Now, I didn’t mind the rape, because I’m so used to that being used as a device in fantasy novels. Maybe I shouldn’t be, but pretty much every fantasy novel I’ve read has involved rape (thankfully I can’t say all), although usually it was male-on-female or male-on-male. Not always, but usually. Does that make the female-on-male (and some implied male-on-male) rape okay in this book? Absolutely not. But I didn’t see it as shock value, I saw it as standard (epic) fantasy fare.
The slavery goes the same way as the rape for me, mostly because, again, there’s usually some sort of slavery or serfdom or indentured servitude in epic fantasy novels. The addition of ritual body mutilation to mark someone as a slave was different, but not super upsetting, maybe because none of the viewpoint characters went through the mutilation or thought much about it.
The cannibalism was definitely shocking, especially because I wasn’t expecting it (I thought it was just a slur or propaganda, and then I got to the first scene with it). Do I think it was added for shock value? No. I think it was added as an integral part of making the cannibalistic culture more interesting – apart from the ritualized cannibalism of dead relatives, they are strictly vegetarian, an interesting twist. So, while I found it shocking, I actually liked the visceral feel I got from the scenes that included it.
Hurley’s decision to play with gender roles and the interesting way she played with sexual orientation and gender identity fits together for me, so I’m going to talk about those together. (and no, I haven’t forgotten about the incest – that’s coming last since it ties into the below discussion)
First, gender identity. In some cultures, it’s a choice while in others it’s determined by others and only slightly based on your anatomy or so it appears. After all, one of the characters from the second kind of culture is called the equivalent of gender neutral or gender-less yet is described as having breasts, although another character from their culture implies that a gender neutral person is actually a hermaphrodite. Although given that this comes from a character whose body changes gender on them, I’m taking that with a grain of salt.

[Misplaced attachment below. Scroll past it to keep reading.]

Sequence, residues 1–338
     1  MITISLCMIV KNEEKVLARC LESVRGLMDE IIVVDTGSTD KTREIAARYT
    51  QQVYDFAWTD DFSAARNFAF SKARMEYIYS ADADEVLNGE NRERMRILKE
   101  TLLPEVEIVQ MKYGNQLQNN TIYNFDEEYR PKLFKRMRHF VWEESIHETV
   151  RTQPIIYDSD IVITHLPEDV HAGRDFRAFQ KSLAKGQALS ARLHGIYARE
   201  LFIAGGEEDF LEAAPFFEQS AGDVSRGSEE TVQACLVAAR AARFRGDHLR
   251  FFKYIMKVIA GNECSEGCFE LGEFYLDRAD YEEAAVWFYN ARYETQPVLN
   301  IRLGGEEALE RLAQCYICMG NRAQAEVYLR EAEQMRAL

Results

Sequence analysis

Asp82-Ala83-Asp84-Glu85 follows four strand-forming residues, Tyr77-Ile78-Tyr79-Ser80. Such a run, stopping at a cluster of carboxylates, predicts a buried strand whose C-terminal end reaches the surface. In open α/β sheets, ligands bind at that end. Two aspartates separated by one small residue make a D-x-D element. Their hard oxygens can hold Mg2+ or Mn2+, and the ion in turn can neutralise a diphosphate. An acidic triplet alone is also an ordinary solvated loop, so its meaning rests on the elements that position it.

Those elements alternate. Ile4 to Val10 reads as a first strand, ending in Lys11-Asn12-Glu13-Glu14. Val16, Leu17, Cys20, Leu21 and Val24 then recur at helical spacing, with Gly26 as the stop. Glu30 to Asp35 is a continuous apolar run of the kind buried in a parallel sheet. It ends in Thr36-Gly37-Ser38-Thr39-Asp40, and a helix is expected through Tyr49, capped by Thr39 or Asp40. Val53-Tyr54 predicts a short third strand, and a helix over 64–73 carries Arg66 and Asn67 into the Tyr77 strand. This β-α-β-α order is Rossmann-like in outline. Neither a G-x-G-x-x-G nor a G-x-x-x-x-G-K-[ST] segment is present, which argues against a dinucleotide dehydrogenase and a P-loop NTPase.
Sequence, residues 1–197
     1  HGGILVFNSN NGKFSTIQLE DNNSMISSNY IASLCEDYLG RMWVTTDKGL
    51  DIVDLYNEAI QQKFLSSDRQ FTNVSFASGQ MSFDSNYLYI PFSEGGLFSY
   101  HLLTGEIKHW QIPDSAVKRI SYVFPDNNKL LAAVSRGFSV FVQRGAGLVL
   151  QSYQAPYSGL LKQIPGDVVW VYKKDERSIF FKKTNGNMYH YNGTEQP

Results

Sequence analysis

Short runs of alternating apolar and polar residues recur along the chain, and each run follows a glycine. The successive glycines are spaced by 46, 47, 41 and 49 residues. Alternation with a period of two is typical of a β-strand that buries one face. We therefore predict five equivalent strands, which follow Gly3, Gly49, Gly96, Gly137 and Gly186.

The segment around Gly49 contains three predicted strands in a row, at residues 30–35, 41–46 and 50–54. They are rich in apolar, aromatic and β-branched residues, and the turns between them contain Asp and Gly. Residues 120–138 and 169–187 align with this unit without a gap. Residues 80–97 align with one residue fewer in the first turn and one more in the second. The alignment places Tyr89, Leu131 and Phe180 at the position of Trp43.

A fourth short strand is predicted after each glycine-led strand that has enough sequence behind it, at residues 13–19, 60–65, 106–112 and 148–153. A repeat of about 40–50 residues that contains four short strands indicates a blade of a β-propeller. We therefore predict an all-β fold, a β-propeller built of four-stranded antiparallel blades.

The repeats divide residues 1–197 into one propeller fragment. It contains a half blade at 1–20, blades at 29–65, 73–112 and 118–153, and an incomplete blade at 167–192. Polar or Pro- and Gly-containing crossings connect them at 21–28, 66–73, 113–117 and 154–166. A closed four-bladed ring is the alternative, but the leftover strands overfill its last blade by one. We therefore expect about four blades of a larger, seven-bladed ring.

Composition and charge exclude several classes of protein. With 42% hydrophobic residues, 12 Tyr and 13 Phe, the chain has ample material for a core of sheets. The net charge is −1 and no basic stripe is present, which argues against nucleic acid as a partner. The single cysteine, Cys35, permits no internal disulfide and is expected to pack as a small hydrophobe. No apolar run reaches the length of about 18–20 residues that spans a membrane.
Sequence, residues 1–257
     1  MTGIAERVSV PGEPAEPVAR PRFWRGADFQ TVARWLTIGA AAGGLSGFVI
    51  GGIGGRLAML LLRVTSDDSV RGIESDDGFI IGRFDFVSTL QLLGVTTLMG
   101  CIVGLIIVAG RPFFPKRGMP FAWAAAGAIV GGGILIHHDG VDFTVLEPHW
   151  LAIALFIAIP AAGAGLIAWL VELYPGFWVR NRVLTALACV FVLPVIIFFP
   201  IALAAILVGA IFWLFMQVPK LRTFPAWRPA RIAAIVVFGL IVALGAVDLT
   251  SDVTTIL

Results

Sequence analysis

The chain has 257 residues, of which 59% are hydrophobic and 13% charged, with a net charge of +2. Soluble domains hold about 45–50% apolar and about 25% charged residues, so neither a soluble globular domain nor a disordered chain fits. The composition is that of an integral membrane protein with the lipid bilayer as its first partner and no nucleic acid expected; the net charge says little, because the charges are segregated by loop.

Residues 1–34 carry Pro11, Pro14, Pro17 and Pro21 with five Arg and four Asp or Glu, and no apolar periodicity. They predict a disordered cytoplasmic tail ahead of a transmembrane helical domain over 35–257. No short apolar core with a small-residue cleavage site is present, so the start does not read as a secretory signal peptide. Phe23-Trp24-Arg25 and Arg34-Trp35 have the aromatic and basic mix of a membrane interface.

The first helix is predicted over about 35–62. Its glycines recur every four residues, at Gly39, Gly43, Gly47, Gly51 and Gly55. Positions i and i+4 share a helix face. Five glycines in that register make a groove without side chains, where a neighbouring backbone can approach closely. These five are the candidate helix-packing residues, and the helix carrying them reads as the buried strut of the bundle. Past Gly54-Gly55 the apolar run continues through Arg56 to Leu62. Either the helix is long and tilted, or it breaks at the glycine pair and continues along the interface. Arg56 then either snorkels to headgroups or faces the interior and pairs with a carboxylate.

Second, sexual orientation. Almost every character is depicted as bisexual and many of them are poly-amorous and at least one culture is polygamist with multiple husbands and wives often marrying each other, so you can have siblings who don’t share a drop of blood with you. Now, I like the exploration of polygamy in this respect, and I wish there had been more of an exploration of blood siblings and non-blood siblings and how these families actually work, but because our main characters from this culture were mostly separated from their families for various reasons, we didn’t get to really see this aspect. While I liked the polygamy, the bisexuality kept throwing me. Because it’s not as prevalent in the wider population here on Earth as it is in Hurley’s world. But, well, she’s not writing about Earth. She’s writing about people who appear to be human, yes, but they’re not Earth humans, so things can and are different there. So while it threw me a bit, it didn’t bother me.
(For the record, at least one character is canonically gay, although it seems he, too, is at least a little bit bi since he can get it up with women, but he does definitely prefer men. And I think Zezili, at least, is completely straight, but it’s not a good idea to assume anything with this book considering the writing style)